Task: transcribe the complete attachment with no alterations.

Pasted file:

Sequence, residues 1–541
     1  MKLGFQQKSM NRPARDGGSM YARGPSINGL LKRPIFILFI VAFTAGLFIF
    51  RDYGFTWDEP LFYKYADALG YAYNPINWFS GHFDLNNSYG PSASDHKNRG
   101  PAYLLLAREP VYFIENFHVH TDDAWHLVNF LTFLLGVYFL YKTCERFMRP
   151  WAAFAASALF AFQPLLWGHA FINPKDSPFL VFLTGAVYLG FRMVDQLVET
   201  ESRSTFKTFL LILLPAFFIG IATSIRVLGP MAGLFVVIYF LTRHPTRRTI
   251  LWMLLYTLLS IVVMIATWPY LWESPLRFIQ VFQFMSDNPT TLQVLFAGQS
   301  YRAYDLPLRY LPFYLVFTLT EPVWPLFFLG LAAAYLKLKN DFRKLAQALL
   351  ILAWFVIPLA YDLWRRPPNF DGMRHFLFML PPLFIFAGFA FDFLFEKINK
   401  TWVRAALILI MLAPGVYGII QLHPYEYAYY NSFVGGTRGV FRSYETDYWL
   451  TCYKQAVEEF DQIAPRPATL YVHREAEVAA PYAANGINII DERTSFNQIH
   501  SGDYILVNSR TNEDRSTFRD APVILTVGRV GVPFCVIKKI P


Sequence, residues 1–541
     1  MKLGFQQKSM NRPARDGGSM YARGPSINGL LKRPIFILFI VAFTAGLFIF
    51  RDYGFTWDEP LFYKYADALG YAYNPINWFS GHFDLNNSYG PSASDHKNRG
   101  PAYLLLAREP VYFIENFHVH TDDAWHLVNF LTFLLGVYFL YKTCERFMRP
   151  WAAFAASALF AFQPLLWGHA FINPKDSPFL VFLTGAVYLG FRMVDQLVET
   201  ESRSTFKTFL LILLPAFFIG IATSIRVLGP MAGLFVVIYF LTRHPTRRTI
   251  LWMLLYTLLS IVVMIATWPY LWESPLRFIQ VFQFMSDNPT TLQVLFAGQS
   301  YRAYDLPLRY LPFYLVFTLT EPVWPLFFLG LAAAYLKLKN DFRKLAQALL
   351  ILAWFVIPLA YDLWRRPPNF DGMRHFLFML PPLFIFAGFA FDFLFEKINK
   401  TWVRAALILI MLAPGVYGII QLHPYEYAYY NSFVGGTRGV FRSYETDYWL
   451  TCYKQAVEEF DQIAPRPATL YVHREAEVAA PYAANGINII DERTSFNQIH
   501  SGDYILVNSR TNEDRSTFRD APVILTVGRV GVPFCVIKKI P